Progress report on elimination of neglected tropical diseases
WHO Bulletin publishes review
GENEVA – The Bulletin of the World Health Organization has released a new review of the policy rationale for neglected tropical disease control in the WHO South-East Asia Region, the progress made so far, lessons learnt along the way, and the remaining challenges to complete eradication.
The neglected tropical diseases (NTDs), which affect the very poor, pose a major public health problem in South-East Asia. Although more than a dozen NTDs affect the region, four in particular – leprosy, lymphatic filariasis, visceral leishmaniasis (kala-azar) and yaws – have been targeted for elimination. The World Health Assembly and the WHO Regional Committee, through a series of resolutions, have expressed regional and global commitments for the elimination of these diseases as public health problems. TDR's research toward these elimination campaigns is noted in this article (see links on right).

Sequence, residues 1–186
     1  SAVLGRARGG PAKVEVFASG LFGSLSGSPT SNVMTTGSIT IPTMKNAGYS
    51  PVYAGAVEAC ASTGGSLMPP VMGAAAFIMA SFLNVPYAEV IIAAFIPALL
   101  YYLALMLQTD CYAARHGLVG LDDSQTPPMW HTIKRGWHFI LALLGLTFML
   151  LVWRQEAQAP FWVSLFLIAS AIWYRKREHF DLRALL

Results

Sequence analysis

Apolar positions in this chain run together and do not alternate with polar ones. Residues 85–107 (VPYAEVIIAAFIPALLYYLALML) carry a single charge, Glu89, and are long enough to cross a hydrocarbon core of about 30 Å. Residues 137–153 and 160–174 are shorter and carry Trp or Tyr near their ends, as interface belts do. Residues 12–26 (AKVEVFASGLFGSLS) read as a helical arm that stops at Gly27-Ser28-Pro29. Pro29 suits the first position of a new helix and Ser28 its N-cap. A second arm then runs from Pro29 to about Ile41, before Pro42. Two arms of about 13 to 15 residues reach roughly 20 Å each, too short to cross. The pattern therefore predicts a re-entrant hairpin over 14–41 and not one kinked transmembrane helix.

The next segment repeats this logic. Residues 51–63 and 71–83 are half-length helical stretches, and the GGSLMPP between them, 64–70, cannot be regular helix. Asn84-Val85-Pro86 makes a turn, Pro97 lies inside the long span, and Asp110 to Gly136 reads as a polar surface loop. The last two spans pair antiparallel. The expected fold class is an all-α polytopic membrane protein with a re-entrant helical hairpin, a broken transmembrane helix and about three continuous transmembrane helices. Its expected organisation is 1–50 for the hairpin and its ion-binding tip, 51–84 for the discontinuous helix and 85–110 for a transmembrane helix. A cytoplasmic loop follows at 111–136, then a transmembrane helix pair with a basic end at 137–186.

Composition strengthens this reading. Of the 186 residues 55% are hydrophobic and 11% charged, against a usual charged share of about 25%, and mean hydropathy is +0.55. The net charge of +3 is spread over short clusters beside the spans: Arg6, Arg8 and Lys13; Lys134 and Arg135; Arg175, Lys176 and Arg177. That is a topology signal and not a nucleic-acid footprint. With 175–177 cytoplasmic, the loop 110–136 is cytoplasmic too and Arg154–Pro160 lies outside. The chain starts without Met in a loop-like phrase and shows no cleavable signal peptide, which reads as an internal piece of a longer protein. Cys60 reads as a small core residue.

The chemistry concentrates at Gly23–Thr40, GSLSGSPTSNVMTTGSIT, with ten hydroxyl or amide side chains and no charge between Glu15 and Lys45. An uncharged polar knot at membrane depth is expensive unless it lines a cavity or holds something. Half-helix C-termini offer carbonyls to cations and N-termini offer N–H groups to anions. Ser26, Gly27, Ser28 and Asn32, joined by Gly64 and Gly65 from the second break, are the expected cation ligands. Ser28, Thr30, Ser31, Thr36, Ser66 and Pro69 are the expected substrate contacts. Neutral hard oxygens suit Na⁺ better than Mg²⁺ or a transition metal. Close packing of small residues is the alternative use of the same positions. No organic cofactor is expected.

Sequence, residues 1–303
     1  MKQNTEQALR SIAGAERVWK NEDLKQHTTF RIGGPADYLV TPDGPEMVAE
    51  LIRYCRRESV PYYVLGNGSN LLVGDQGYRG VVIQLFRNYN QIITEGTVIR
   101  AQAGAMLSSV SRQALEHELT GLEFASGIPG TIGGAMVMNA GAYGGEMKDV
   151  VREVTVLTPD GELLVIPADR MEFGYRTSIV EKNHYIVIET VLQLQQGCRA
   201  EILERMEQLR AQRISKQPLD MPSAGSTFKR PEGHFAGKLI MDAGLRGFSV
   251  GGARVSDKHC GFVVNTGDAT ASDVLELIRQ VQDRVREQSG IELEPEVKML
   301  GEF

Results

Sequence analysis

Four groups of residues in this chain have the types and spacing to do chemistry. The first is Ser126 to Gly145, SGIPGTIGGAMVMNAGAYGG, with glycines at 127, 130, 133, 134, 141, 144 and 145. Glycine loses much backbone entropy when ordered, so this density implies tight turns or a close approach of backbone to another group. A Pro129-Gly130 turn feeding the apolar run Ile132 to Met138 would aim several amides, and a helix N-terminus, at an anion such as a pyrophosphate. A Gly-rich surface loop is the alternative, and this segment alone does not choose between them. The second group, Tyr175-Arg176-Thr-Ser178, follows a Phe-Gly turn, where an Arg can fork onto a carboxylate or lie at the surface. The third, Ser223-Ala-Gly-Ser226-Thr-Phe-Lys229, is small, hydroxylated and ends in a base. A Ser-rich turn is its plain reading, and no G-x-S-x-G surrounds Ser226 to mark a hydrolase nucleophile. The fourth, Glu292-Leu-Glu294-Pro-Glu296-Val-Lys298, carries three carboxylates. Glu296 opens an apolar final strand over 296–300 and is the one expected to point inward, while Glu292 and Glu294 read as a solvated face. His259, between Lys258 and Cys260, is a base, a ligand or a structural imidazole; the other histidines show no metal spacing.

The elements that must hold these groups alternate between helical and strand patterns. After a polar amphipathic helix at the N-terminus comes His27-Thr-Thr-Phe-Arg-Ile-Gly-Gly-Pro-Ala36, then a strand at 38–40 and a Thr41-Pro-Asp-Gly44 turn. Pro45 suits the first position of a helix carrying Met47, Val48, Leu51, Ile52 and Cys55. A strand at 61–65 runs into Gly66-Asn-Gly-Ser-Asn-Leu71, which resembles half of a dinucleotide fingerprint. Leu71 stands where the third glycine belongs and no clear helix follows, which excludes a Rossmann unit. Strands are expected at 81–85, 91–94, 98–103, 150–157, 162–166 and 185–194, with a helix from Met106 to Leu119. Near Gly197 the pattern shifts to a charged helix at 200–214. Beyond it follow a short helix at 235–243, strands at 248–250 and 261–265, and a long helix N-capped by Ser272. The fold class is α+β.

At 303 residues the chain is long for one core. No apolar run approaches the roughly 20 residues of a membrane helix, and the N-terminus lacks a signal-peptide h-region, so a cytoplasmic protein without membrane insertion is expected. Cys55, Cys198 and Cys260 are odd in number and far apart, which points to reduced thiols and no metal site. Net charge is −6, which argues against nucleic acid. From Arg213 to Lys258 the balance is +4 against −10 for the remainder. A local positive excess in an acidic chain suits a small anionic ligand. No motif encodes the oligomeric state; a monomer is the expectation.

These four diseases were selected for a number of reasons. Firstly, they affect this region disproportionately. For example, every year around 67% of all new leprosy cases and 60% of all new cases of visceral leishmaniasis worldwide occur in countries of the region, where as many as 850 million inhabitants are also at risk of contracting lymphatic filariasis. Several epidemiological, technological and historical factors that are unique to the region make each of these diseases open to elimination. Available tools and interventions to achieve these targets have proven effective, and are expected to lead to success.